Looking closer at his season, Cam struggled often with finding consistency in his own zone. A part of this can most definitely be contributed to the revolving door of partners he found himself playing with (Mara, Brookbank, Lilija, Beauchemin, Sutton, etc.), but honestly much of the fault was in his inability to battle into good position on the wall or infront of the net night in and night out. His -25 rating hints of this issue, however, it must be noted that much of his struggles of this nature were in the 1st half of the season. For the last two months of the Ducks' season (March 2 until they were ousted April 24) Cam had a rating of -2. I feel that this had much to do with his increased physicality and much better positioning throughout that span. In the playoffs, besides Beauchemin, I thought Cam was our best blueliner. Of course, we undoubtedly will be looking for Cam to provide offense from the back moving forward, but for me, it was this increase in defensive efficiency that I found most exciting as I watched the last few months of the season.
Purely based on my observation, I thought at times this season Cam looked very vulnerable defensively. He often left less-skilled players beat him to the spots backdoor and many times looked to not "keep his feet moving" when teams were cycling the puck in our zone. His positioning was not good often and his inability at times to play on the wall against more physical forwards made him susceptible to turnovers behind the net. Often times, his superior athleticism and skill let him get away with this, but as I noted before his plus/minus rating hints that he didn't get away with it all the time. But as I also mentioned, Cam seemed to show signs of his game maturing rapidly as the end of his season would show his growth as a more effective defender. I saw much better play along the wall and much better battling around the net then was the case early in the season.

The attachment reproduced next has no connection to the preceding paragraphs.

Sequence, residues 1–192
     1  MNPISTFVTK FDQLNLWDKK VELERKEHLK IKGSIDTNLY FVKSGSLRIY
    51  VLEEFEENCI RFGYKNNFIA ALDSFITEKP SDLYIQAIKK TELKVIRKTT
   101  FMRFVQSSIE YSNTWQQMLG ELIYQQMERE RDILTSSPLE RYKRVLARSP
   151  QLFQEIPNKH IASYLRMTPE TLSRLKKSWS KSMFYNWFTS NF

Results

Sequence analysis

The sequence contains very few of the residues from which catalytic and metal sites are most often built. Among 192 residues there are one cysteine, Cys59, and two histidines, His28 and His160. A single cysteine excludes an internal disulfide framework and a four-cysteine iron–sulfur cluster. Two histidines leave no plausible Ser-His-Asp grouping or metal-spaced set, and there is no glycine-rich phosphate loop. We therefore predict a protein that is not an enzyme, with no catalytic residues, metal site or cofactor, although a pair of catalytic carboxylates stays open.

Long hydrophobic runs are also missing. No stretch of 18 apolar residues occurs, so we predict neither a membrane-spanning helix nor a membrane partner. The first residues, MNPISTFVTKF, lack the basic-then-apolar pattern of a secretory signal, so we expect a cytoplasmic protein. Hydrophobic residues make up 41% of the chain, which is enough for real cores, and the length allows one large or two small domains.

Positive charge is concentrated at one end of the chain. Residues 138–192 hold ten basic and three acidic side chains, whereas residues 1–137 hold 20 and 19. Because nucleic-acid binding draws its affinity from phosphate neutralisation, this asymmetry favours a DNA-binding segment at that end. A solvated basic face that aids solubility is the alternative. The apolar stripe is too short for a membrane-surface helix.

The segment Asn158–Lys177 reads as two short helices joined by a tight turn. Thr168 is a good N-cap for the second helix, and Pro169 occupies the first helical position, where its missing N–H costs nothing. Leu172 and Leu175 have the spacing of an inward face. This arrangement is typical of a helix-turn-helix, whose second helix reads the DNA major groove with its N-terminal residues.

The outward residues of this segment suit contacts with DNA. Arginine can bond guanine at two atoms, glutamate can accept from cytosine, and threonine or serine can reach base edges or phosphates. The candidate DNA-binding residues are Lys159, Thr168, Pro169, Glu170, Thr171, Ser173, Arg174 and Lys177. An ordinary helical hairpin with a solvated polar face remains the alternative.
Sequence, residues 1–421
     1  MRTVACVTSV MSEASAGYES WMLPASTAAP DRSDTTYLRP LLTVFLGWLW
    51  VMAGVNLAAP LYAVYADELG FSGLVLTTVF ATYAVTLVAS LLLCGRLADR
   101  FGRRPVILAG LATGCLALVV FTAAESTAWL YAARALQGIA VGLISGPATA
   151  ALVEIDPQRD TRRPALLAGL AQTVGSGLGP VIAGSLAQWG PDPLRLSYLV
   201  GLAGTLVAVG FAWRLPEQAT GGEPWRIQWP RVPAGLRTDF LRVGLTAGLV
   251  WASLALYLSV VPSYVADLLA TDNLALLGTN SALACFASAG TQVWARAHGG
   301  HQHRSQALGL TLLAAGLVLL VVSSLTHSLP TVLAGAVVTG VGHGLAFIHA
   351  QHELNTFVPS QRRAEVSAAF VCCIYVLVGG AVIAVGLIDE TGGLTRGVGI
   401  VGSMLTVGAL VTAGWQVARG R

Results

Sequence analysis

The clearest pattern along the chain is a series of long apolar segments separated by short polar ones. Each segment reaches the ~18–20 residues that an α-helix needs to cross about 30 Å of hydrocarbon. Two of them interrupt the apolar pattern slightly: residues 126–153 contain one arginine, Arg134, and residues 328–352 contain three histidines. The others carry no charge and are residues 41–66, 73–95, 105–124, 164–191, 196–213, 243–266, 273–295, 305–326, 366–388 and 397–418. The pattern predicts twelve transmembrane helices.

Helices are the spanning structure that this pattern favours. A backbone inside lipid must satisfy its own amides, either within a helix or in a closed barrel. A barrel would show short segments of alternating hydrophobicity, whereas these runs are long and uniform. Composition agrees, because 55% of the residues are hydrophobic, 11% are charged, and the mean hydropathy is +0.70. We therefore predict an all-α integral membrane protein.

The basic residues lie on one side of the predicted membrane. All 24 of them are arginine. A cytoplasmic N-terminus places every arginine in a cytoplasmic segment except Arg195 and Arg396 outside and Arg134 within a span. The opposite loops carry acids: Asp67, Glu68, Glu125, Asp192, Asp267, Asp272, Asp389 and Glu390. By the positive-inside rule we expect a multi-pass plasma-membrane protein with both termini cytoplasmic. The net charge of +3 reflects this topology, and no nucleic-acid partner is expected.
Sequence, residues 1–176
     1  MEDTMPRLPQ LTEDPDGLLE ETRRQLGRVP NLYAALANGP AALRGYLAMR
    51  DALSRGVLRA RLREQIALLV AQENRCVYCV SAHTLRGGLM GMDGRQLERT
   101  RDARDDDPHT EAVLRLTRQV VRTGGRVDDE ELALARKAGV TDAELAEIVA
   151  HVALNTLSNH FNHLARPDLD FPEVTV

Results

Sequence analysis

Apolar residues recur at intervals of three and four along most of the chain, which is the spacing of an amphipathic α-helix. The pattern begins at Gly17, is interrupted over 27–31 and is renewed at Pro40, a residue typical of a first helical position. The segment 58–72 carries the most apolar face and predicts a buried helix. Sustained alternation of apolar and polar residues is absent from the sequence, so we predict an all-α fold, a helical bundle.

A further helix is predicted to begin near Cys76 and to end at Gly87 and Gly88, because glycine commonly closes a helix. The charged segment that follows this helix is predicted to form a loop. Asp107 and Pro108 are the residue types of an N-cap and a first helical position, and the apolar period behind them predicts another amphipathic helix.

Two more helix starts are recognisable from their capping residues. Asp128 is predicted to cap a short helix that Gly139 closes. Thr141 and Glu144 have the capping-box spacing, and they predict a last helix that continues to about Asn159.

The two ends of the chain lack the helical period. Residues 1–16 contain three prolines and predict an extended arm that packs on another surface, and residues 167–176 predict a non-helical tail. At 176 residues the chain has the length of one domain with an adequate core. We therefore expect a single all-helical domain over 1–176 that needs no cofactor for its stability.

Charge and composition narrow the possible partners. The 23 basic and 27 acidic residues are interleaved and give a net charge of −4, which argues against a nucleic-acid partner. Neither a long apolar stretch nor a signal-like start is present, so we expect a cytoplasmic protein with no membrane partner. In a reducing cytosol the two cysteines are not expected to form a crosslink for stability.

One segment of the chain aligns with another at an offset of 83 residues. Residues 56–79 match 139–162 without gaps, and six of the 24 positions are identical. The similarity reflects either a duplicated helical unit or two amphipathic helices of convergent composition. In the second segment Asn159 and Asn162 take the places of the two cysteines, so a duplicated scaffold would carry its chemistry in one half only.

Aside from that, his puck-moving (great outlet passer!) and play-making abilities are all-star caliber. He emphatically showed that his game plays at this level in his first NHL season. In addition, his skating hopefully will continue to make him both a potent offensive threat as well as a competent defender. Lastly, seeing glimpses of a defensive game that shows both the necessary physicality and craftiness to make a defender like him effective gives me excitement to think that he can become a better player.
All this said, Cam has shown that he has the makeup of the total package and we as Ducks fans hopefully will share in his blossoming talent for years to come.